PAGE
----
Notes From My GoogleTest Demo


I recently gave a demo of GoogleTest at Kjeller Software Community / Oslo C++ Users Group. These are the notes from my demo. My apologies to those who did not attend, these might not make much sense unless you saw the demo.

Installation

See my post about installation and setup of GoogleTest in your project.

Test types

TEST(TestCaseName, TestName)
A single test TestName belonging to the TestCaseName test case. The TEST macro converts this into class TestCaseName_TestName

TEST_F(TestFixtureName, TestName)
A single test TestName belonging to the TestFixtureName test case, which uses a fixture. The TEST_F macro converts this into class TestFixtureName_TestName : public TestFixtureName. You need to implement the TestFixtureName : public ::testing::Test class also.

TEST_P(TestFixtureName, TestName)
A single parametrized test TestName belonging to the TestFixtureName test case, which uses a fixture with a parametrized interface. You need to implement the TestFixtureName : public ::testing::WithParamInterface class also. Use GetParam() to get the parameter, and INSTANTIATE_TEST_CASE_P to instantiate tests.

Finally remember that you can use SetUp() and TearDown(), but might just as well use the plain constructor and destructor. A reason to use TearDown() instead of the destructor is if it might throw an exception (which destructors should not do).

Assertions

Here are some examples of assertions:
ASSERT_TRUE
ASSERT_FALSE
ASSERT_EQ
ASSERT_DOUBLE_EQ
ASSERT_LT
ASSERT_THROW

You can also write your own assertion functions:
AssertionResult predicateFunction(...)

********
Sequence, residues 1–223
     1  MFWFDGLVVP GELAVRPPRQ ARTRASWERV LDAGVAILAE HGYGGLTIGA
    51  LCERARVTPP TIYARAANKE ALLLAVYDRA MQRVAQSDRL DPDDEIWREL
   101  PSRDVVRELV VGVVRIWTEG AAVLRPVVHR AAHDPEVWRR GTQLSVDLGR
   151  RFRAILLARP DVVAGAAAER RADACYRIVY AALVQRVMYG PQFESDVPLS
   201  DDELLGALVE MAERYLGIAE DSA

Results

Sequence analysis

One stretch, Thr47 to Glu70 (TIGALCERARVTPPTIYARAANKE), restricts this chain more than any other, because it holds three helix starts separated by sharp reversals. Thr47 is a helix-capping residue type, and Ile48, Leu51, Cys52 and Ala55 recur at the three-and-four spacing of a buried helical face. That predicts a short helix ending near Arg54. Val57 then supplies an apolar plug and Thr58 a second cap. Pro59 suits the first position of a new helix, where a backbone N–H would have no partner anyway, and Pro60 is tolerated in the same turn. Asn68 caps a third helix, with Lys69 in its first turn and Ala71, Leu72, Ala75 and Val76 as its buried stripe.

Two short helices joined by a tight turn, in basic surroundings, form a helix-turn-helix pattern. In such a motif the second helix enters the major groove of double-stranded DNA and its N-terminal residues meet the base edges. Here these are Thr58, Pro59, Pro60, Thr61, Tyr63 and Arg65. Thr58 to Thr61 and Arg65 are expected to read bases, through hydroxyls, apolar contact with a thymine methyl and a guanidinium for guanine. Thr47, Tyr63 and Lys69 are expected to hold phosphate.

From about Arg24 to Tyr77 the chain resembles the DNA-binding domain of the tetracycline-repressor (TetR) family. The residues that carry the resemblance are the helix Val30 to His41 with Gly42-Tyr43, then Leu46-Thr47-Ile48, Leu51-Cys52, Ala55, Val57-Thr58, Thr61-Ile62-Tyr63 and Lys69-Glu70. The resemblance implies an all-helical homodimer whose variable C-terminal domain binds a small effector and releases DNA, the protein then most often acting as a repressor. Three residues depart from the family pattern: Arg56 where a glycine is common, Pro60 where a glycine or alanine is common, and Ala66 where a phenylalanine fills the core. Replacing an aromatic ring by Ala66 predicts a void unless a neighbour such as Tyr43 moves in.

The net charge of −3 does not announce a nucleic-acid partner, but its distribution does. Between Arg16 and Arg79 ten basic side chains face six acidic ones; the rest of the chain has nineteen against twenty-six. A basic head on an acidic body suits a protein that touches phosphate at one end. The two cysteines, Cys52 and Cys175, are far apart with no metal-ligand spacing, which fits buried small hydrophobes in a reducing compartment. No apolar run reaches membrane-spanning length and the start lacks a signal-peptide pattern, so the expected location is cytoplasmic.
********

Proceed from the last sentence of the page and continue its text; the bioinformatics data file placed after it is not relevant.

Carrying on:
Or just write a void function that does all the asserts internally:
void assertWhatever()

Some final tips

Use one test project per production project, for instance NoFlyListTest for NoFlyList. This makes it easy to find the tests for a project. If the rest of your code is decoupled, it might also speed up linking a lot, since you only need to link the test project, and not your entire solution. This especially helps if you are doing TDD, in which you will typically compile and link several times a minute.

Write short tests, and only test one thing per test. This will make it easy to figure out what went wrong when tests break in the future.

Write tests before you implement the code that passes them. This will verify that the test didn’t pass just by accident. It will also let you see how the failing test looks like, so you can make sure it is self-explanatory enough that someone will understand what went wrong when it breaks.

Don’t be a terrorist, you’ll end up in a bad place.

Source Code

If you want to have a look at the code from my Kjeller Software Community demo, it is available on GitHub.

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